Familial dysautonomia (Riley–Day syndrome), which causes vomiting, speech problems, an inability to cry, and false sensory perception, is almost exclusive to Ashkenazi Jews; Ashkenazi Jews are almost 100 times more likely to carry the disease than anyone else.
Other Ashkenazi diseases and disorders
Diseases inherited in an autosomal recessive pattern often occur in endogamous populations. Among Ashkenazi Jews, a higher incidence of specific genetic disorders and hereditary diseases have been verified, including:
- Colorectal cancer due to hereditary nonpolyposis colorectal cancer
- Congenital adrenal hyperplasia (nonclassical form) 
- Congenital insensitivity to pain with anhidrosis
- Crohn's disease (the NOD2/CARD15 locus appears to be implicated) 
- Kaposi's sarcoma
- Maple syrup urine disease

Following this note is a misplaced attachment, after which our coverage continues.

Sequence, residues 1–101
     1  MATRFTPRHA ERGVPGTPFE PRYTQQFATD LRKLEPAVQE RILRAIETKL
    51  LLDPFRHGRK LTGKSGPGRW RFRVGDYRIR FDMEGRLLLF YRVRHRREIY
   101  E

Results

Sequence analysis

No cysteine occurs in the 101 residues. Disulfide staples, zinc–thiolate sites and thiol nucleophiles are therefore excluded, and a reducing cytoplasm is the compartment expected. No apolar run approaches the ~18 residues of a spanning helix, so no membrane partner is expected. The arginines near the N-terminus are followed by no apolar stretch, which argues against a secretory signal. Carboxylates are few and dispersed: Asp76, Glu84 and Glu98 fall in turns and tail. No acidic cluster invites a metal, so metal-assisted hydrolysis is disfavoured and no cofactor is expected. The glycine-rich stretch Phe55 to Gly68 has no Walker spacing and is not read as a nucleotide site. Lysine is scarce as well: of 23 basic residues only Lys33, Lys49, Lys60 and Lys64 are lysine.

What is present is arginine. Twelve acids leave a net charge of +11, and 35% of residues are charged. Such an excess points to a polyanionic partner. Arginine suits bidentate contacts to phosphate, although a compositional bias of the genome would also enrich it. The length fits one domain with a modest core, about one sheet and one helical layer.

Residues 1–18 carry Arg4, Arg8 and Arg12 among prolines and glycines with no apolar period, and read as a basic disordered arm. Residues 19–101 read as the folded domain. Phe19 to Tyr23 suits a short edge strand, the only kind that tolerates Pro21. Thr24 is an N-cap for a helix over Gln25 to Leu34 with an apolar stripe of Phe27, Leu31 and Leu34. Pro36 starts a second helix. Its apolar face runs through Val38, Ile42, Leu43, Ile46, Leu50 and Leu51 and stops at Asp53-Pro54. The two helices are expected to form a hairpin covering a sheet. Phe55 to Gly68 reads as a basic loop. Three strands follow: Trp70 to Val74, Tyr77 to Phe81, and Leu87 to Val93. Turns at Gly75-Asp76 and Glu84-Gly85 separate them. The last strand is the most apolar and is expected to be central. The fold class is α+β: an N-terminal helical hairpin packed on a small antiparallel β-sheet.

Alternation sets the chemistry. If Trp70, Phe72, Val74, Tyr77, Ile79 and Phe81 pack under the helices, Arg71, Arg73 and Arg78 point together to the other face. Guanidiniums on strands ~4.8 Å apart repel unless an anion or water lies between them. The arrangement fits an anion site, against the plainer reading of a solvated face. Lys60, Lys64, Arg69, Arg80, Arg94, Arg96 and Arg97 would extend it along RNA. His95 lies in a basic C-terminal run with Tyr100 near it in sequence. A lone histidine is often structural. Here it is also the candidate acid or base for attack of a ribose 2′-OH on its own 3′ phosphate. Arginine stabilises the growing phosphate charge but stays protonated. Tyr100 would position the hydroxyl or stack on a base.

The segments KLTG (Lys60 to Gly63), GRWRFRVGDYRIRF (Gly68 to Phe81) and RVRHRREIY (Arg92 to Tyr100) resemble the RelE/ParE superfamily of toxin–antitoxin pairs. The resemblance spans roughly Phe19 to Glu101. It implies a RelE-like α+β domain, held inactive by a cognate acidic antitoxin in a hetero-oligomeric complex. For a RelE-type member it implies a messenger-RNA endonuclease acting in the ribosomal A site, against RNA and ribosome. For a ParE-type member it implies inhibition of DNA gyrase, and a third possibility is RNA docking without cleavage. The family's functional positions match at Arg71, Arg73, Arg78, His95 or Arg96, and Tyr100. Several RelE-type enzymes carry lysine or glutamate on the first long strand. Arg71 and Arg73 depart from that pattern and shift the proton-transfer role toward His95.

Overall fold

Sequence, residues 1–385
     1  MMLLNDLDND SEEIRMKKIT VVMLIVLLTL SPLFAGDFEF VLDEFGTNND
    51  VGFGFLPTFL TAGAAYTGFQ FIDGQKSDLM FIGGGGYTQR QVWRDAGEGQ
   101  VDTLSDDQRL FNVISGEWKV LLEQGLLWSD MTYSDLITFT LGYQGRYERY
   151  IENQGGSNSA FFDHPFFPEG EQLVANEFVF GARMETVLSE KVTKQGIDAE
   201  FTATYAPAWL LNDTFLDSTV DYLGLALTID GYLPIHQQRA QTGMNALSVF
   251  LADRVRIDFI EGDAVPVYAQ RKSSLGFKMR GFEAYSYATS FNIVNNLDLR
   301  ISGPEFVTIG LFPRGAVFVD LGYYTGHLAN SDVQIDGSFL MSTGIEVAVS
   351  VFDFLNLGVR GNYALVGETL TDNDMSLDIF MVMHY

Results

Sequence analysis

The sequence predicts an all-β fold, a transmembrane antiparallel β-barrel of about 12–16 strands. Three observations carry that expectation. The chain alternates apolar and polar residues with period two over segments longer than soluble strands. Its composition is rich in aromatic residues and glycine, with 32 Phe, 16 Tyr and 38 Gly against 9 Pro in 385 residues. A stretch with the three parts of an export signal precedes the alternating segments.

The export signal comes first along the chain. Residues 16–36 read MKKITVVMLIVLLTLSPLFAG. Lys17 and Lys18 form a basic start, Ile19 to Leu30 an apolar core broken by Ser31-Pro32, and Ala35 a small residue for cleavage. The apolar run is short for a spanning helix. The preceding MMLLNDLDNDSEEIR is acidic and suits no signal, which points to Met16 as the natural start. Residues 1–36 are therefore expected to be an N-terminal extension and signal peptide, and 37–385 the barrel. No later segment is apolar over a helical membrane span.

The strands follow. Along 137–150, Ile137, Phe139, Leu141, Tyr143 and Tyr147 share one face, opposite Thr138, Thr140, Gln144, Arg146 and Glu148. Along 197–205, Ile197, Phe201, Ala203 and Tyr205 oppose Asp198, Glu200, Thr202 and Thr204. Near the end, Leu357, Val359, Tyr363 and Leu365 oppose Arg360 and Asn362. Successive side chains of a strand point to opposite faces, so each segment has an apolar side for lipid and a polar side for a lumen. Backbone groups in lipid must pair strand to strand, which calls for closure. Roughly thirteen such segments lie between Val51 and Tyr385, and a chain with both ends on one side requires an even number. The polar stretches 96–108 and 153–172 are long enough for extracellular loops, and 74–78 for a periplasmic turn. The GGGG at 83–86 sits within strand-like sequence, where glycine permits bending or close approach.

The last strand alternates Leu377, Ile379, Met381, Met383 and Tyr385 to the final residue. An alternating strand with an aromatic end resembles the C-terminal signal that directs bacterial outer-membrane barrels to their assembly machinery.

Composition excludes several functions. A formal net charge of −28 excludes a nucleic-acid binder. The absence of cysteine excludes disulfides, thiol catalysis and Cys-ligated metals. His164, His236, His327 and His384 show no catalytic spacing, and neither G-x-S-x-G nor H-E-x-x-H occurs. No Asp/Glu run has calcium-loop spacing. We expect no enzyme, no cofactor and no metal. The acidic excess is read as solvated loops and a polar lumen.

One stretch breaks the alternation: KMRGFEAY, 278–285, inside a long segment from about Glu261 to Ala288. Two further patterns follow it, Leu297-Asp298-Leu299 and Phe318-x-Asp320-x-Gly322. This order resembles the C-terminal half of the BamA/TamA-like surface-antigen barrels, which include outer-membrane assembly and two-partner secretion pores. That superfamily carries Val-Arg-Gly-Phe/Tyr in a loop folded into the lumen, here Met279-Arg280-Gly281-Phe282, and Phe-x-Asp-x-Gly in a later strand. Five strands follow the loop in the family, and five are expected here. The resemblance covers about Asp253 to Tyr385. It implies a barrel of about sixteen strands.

- Mucolipidosis IV 
- Nonsyndromic hearing loss and deafness, DFNB1 (connexin 26) 
- Parkinson's disease (G2019S/LRRK2 mutation)The LRRK2 mutation on the main haplotype, shared by Ashkenazi Jews, North Africans, and Europeans, initially arose in the Near East at least 4000 years ago. Because of a founder effect, the ancestors of present-day Ashkenazi Jews may have kept the low-frequency G2019S mutation through the different diasporas, whereas Near Eastern daughter populations lost the mutation. The mutation might then have been "reintroduced by recurrent gene flow from Ashkenazi populations to other Jewish, European, and North African populations. The present-day frequency of the mutation in control populations (0.05% in Europeans, 0.5% in North-African Arabs and 1% in Ashkenazi Jews) may support this scenario."
- Pemphigus vulgaris
- Von Gierke disease
- Zellweger syndrome
In contrast to the Ashkenazi population, Sephardic and Mizrahi Jews are much more divergent groups, with ancestors from Spain, Portugal, Morocco, Tunisia, Algeria, Italy, Libya, the Balkans, Iran, Iraq, India, and Yemen, with specific genetic disorders found in each regional group, or even in specific subpopulations in these regions.
|Disease||Mode of inheritance||Gene or enzyme||Carrier frequency||Populations|